Frequently, deep white matter lesions have been identified using MRI, and the relationship between such lesions and bipolar disorder has been studied. McDonald et al11 reported that the detection of deep white matter lesions greater than 2.5 mm, 5.0 mm, and 10.0 mm by MRI occurred more often in 12 patients whose onset of mania occurred after the age of 50 years than in control subjects of the same age. Subsequently, Figiel et al12 studied 18 patients younger than 60 years with bipolar disorder and compared them with 18 age-matched control subjects. Forty-four percent of the bipolar patients had deep white matter regions of hyperintensity, whereas only 6% of the control subjects demonstrated similar changes. The size of the lesions ranged from 2.5 mm to 16 mm. However, thus far standard criteria for the detection of infarcts with MRI have not been determined.
Kobayashi et al13 used MRI to study the incidence of SCIs in 246 neurologically normal adults. SCIs were found in 6% of healthy individuals in their forties, 17% of those in their fifties, 21% of those in their sixties, and 13% in all patients.
Previously we studied the incidence of SCIs detected with MRI in 205 patients with presenile (50 to 65 years) or senile (>65 years) major depression.2 Among the patients with presenile major depression, SCIs were observed in 51.4% of the patients with presenile-onset depression. Among the patients with senile major depression, SCIs were observed in 93.7% of those with senile-onset depression. In addition, SCIs were significantly more common in patients whose onset of depression occurred after they reached a presenile age than in the subjects who were assessed by Kobayashi et al.13 These data suggest that approximately half of the cases of presenile-onset major depression, and most of the cases of senile-onset major depression, are actually cases of organic depression that are related to SCIs. Subsequently, we classified patients older than 50 years with major depression as those with and without SCIs according to MRI findings. Differences between these groups regarding family history of affective disorders or risk factors for cerebrovascular disease were investigated.3 We clarified that patients with major depression and SCIs demonstrate a lower incidence of positive family history for affective disorders but a higher incidence of risk factors for cerebrovascular disease (eg, hypertension) than patients with major depression without SCIs.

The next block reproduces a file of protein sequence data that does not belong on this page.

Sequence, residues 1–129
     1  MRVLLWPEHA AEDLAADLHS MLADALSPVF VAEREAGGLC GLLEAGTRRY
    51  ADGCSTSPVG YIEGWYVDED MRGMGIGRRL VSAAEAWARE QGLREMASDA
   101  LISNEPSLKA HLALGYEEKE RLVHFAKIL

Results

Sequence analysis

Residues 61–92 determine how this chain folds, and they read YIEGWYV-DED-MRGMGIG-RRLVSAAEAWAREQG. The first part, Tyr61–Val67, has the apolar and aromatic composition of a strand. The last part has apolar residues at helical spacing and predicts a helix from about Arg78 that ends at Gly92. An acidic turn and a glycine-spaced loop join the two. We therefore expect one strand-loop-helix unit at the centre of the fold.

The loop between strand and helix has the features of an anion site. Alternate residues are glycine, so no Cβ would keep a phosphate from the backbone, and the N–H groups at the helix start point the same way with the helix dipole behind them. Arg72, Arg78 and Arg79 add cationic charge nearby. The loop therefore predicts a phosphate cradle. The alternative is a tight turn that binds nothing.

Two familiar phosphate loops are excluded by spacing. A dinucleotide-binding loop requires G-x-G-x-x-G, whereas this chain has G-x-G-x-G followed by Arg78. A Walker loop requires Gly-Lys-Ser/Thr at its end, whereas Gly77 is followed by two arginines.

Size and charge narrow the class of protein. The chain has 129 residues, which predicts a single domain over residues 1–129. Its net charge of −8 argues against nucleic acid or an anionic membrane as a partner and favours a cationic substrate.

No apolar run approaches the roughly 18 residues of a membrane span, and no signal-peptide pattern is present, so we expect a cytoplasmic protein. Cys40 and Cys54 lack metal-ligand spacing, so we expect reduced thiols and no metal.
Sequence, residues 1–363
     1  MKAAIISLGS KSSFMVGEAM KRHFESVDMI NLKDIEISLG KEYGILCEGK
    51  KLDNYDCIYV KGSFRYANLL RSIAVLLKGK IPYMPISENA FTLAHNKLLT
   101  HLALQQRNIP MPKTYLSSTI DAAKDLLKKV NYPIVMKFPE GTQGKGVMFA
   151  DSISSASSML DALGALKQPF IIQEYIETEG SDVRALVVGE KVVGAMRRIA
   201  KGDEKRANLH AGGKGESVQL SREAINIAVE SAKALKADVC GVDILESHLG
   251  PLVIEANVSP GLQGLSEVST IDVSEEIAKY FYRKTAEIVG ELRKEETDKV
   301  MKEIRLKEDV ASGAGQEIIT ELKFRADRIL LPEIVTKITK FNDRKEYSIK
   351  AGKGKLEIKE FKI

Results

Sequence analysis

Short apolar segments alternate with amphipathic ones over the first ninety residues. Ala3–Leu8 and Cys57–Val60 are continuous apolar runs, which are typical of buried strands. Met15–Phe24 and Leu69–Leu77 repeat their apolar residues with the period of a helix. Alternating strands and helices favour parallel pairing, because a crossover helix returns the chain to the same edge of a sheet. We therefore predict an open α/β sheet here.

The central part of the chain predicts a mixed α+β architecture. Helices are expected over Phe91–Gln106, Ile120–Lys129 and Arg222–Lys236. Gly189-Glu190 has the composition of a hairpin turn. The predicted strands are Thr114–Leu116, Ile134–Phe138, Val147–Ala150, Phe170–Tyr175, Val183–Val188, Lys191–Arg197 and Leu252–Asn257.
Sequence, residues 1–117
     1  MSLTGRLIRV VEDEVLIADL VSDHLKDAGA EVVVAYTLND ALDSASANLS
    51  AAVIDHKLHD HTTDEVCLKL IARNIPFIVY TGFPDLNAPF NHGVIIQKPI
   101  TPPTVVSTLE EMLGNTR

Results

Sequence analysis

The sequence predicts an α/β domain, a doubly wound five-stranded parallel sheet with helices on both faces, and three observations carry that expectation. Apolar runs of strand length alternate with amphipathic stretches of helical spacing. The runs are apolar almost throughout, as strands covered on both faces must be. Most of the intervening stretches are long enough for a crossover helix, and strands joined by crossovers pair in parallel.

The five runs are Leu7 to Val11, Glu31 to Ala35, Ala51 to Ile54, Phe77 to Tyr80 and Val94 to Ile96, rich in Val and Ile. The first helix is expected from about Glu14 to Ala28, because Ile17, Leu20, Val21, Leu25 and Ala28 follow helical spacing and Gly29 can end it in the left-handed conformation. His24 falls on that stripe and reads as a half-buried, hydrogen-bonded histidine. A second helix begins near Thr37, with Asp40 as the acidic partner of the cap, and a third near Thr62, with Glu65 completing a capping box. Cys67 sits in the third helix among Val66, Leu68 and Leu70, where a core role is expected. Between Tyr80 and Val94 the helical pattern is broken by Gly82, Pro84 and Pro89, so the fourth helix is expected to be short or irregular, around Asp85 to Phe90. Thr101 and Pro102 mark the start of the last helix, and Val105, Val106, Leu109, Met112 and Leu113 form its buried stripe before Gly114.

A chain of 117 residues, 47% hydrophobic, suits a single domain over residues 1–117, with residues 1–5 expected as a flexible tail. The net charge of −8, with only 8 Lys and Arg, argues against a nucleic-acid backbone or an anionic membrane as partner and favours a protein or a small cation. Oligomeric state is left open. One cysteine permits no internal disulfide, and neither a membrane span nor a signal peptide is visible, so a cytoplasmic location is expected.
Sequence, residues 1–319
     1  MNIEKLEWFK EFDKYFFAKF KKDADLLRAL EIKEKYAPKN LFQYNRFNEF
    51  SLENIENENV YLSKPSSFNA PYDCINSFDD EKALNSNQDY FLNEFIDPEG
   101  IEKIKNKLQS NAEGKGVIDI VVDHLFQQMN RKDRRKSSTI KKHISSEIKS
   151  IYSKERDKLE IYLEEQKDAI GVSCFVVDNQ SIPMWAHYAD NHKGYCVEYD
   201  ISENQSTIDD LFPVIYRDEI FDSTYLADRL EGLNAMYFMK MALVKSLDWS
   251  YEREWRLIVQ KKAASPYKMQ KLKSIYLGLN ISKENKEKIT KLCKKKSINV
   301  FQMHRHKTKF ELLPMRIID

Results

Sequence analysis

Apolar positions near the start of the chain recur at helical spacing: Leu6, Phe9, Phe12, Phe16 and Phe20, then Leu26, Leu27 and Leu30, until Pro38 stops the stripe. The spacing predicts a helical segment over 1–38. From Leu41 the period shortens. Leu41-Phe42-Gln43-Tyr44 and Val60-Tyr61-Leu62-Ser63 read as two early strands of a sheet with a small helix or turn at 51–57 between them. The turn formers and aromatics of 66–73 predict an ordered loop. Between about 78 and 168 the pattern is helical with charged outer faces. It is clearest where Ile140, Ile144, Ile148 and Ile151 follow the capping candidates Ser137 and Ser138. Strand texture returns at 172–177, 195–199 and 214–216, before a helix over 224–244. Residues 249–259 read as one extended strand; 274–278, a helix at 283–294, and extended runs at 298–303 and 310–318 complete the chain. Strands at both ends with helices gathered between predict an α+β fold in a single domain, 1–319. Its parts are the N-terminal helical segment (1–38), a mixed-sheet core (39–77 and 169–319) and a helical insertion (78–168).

In this study, SCIs were observed in 65% of the patients with late-onset mania. This incidence was significantly higher than that in patients diagnosed with early-onset affective disorders but of the same frequency as that in patients with late-onset major depression. In 1978, Krauthammer and Klerman14 first described the concept of mania that develops after brain injury (secondary mania). They described the importance of its late onset and the lower rate of genetic predisposition to affective disorders found in patients with secondary mania. These data suggest that approximately half of the cases of mania with an initial onset after the patient has reached a presenile age might be cases of secondary mania that are due to SCIs.
Silent Cerebral Infarction Type in Late-Onset Mania
Akiskal15 and Tsuang et al16 have compared bipolar disorder with unipolar depression and have reported that mania is a more serious form of affective disorder. In elderly patients with mania, Shulman and Post4 have hypothesized that, compared with depression in old age, mania is (1) a more serious manifestation of an affective disorder, (2) associated with a preponderance of neurological disorders (eg, cerebrovascular disease), and (3) associated with a poor prognosis. Subsequently, Shulman et al5 compared patients with the onset of bipolar disorder after 65 years of age with age- and sex-matched patients with unipolar depression. Manic patients often manifested complicated neurological disorders with evidence of secondary mania and had a significantly higher mortality rate than the depressed patients. Shulman and Post concluded that mania appears to have a worse prognosis and is a more severe form of affective illness than unipolar depression.